Luxembourg-based, global VC Alpha Intelligence Capital (AIC) has just announced it's raised $100m of its second AI-focused fund. Its goal is to raise a total of $300m.
AIC was founded in 2018 to back companies developing advanced artificial intelligence technologies.
Investment in the AI sector is down by 36% globally in 2022 after seeing massive growth — and high valuations — the previous year. However, AIC founder and managing partner Antoine Blondeau sees this as an opportunity to invest at more reasonable valuations.
Where will the money go?
AIC plans to invest in up to 30 companies around the world working on cutting-edge AI technology. The VC mainly focuses on Series A and B rounds across multiple sectors including healthcare, biotech, cybersecurity, enterprise software, manufacturing and logistics, and sustainability.
What is AIC’s track record?
AIC’s first fund totalled $185m that were invested into 30 companies. Two of them have exited: UK-based music generation company AI Music was acquired by Apple this year, and Singapore and Amsterdam-based cybersecurity startup ReQta was sold to IBM in 2021.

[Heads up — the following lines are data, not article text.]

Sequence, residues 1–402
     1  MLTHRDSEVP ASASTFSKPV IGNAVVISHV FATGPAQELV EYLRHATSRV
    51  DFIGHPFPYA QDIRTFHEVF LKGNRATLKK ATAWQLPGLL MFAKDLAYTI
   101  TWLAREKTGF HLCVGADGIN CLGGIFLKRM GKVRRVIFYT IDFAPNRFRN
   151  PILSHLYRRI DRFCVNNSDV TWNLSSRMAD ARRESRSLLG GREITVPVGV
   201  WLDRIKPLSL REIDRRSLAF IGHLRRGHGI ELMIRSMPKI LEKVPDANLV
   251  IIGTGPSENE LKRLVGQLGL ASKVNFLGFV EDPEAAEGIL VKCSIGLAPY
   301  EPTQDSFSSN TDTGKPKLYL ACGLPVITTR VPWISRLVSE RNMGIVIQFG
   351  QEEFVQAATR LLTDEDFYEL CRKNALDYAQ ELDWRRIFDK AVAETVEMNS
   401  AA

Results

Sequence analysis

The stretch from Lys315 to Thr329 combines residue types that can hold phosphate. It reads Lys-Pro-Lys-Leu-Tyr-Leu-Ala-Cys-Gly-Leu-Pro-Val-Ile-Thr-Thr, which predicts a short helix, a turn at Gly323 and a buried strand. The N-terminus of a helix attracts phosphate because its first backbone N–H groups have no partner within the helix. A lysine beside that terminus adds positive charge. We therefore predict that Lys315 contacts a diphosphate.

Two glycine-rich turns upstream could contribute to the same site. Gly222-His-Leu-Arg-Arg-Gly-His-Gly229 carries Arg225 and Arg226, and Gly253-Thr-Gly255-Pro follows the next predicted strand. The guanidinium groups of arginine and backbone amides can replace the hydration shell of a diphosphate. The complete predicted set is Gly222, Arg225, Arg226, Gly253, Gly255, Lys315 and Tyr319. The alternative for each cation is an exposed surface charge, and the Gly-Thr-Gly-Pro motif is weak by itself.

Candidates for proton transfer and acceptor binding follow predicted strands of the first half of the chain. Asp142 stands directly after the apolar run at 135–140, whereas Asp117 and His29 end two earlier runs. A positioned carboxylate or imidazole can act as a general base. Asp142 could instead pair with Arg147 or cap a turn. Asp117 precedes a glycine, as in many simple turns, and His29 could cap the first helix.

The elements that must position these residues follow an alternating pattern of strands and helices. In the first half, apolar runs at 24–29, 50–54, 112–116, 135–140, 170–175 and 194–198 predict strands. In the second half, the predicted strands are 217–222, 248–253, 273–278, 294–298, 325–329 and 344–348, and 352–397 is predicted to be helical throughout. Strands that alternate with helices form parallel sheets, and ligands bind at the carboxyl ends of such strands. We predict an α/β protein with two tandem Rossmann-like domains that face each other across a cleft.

Several other portfolio companies are currently in talks with potential buyers, Blondeau tells Sifted.
One of the companies in AIC’s portfolio is InstaDeep, a London-based soonicorn known for supporting Covid vaccine developer BioNTech with vaccine and drug discovery, as well as with predicting high-risk Covid variants.
AIC has also invested in Irish cybersecurity company Getvisibility and in Vamstar, a UK startup applying AI to the supply chain of medical supplies and drugs.
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Who’s backing AIC?
Alpha Intelligence Capital hasn’t disclosed the names of its investors, but Blondeau tells Sifted that its backers include major industrial families and companies, primarily from Europe, that want to understand how AI technology may impact their industry, as well as other institutional and private equity investors from around the world.
While many VCs are taking a ‘wait and see’ approach during the current economic downturn, AIC has set out to capitalise on the lower valuations now seen in the AI sector — where startup valuations have been massively growing in recent years.
Blondeau believes that the current economy will incentivise AI startups to focus on the most pressing problems for businesses, such as increasing productivity and reducing costs
“In times of bad economic conditions, successful companies are born and thrive, while weak companies do not survive,” says Blondeau. “We expect the business to business opportunities in AI to be numerous and rewarding.”
One of the most promising AI applications the VC has identified is cybersecurity insurance, where traditional insurers are facing challenges with risk modelling. AI applications in healthcare are also rapidly evolving, partly driven by the Covid pandemic, and partly by labour shortages that result in a need for more automation and digitisation services.